DETROIT It seems fitting now that the Tigers are playing a baseball version of the old "Whack-a-Mole" game. They get one problem fixed and another one pops up.
That's the way it was in Saturday's 3-2 loss to the Chicago White Sox at Comerica Park.
In front of a sellout crowd of 42,404, Max Scherzer found his more popular "blue-eye" style of pitching, giving up just one run on four hits while walking none and striking out nine in seven innings.
It was a delightful bounce-back game from Scherzer's last outing, in which he allowed three runs on seven hits while walking a career-high seven and striking out four in 4 23 innings in New York.
"I think he was on a mission today," Tigers manager Jim Leyland said. "I think he probably knew he needed to step it up, he wanted to step it up. Hes a smart guy. He figured it out.
"He was aggressive, pounded the strike zone, had a little extra on his fastball when he needed it today."
Leyland and pitching coach Jeff Jones had shown Scherzer the video of the way he pitched in 2010 after the All-Star break, when he went 6-5 with a 2.47 ERA. Scherzer didn't need to watch long to figure out the fix he needed to make.
"When I was going to the plate, my hands were breaking low and my front side was flying open," Scherzer said. "I made the mechanical change of breaking my hands higher, and I did countless reps of trying to get that to feel natural over the course of these five days."
Scherzer lowered his ERA from 7.77 to 6.32 in the process.
"He is so good, man, especially when he's pounding the strike zone like he did," White Sox designated hitter Adam Dunn said. "He definitely shut us down, for sure."
Meanwhile, the offense appeared to give Scherzer just enough support when they scored two runs in the second inning, mostly on balls that barely made it out of the infield. Andy Dirks and Austin Jackson had the RBIs against White Sox starter Gavin Floyd.
Floyd didn't walk anyone either, so that was all the Tigers could muster in seven innings, despite seven hits.
"He's a tough pitcher," said Alex Avila, who got one of the seven. "He's got nasty stuff and he's always been tough on us. He threw a great game, kept them in it."
Joaquin Benoit came on in the eighth, having struggled of late, going 0-1 with a 6.23 ERA in his last five outings. But that was one of the moles the Tigers managed to keep down as Benoit threw a perfect eighth, striking out two.
But there's always another mole ready to pop up once you whack one down, and it was Jose Valverde's turn.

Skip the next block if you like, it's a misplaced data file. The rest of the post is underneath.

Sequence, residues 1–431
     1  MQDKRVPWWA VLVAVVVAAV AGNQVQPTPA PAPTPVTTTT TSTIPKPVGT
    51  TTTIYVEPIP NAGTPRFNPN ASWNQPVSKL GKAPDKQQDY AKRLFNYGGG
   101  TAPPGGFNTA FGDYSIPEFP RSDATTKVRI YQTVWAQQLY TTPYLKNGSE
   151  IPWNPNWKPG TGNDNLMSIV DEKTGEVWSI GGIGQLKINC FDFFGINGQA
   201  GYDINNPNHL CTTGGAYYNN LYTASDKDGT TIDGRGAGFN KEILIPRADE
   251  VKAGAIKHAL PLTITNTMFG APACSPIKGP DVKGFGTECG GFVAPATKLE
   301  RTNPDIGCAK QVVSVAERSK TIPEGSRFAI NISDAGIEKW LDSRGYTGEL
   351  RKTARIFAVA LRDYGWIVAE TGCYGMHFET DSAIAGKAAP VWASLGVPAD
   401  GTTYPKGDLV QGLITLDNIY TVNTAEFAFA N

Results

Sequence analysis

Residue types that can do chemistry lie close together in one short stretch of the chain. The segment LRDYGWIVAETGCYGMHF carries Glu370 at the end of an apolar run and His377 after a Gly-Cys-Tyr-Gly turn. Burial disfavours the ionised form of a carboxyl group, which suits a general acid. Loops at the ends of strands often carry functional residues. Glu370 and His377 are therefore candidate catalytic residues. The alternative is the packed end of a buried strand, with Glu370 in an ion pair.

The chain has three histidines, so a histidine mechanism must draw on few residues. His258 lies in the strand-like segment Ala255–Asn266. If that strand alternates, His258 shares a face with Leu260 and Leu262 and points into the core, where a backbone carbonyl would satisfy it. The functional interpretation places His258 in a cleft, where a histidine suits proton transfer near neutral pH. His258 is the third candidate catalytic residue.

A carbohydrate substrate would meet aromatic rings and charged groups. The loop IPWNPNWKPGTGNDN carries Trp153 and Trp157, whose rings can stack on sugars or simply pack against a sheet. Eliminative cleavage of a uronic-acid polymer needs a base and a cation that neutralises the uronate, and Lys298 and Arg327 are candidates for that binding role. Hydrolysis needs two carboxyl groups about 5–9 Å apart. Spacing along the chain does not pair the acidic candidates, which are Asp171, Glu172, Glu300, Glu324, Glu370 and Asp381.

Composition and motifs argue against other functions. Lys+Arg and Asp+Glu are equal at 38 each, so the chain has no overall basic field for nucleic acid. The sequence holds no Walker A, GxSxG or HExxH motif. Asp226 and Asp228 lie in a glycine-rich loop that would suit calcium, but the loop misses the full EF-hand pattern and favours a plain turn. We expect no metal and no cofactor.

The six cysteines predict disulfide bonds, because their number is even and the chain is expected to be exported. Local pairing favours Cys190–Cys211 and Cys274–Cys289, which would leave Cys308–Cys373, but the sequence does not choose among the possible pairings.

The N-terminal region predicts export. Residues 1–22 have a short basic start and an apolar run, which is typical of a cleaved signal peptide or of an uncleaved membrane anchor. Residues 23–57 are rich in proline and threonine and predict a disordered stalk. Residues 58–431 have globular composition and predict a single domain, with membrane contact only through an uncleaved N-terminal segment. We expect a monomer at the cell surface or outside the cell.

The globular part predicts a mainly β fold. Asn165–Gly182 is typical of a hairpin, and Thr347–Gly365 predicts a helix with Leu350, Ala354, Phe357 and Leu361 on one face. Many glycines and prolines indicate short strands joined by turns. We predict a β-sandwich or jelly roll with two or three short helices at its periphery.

Valverde fell behind Alejandro De Aza, who singled to lead off the ninth. De Aza stole second and took third on Alexei Ramirez's sacrifice.
As it turned out, De Aza didn't need to worry as Dunn came up and hit a 1-0 four-seam fastball 422 feet to right field. The blast put the White Sox up 3-2 and proved to be the game-winner.
"Everybody knows Adam Dunn is a good hitter," Valverde said. "I miss a little bit and he got it. Nothing I can do, know what I mean? I do my job yesterday. I don't do it today. Be ready for tomorrow."
Although Valverde is now 2-1 with a 6.17 ERA, Leyland is not ready to hit the panic button.
"Hes just not real sharp right now," Leyland said. "His pitches he wasnt real firm today. He just threw that pitch in probably the really only bad, bad spot you could throw it. Down a little bit, and over the plate, it looked like, right into the groove of the swing.
"Well get him going. Hes a true professional. Hell get going."
The Tigers are getting Doug Fister back for Monday's start in Seattle. Last year when they got Fister at the trading deadline, it helped put them on a nice roll.
They know what they'll get from Justin Verlander and rookie Drew Smyly has been better than expected. If Rick Porcello and Scherzer can continue to pitch as they have in their most recent starts and Fister stays healthy, things could be looking up and the moles could be under control.
"(That's) the rotation that we wanted out of spring training," Avila said. "Five guys going out there, knowing that we're going to get a chance every time. That's the way to get everything going."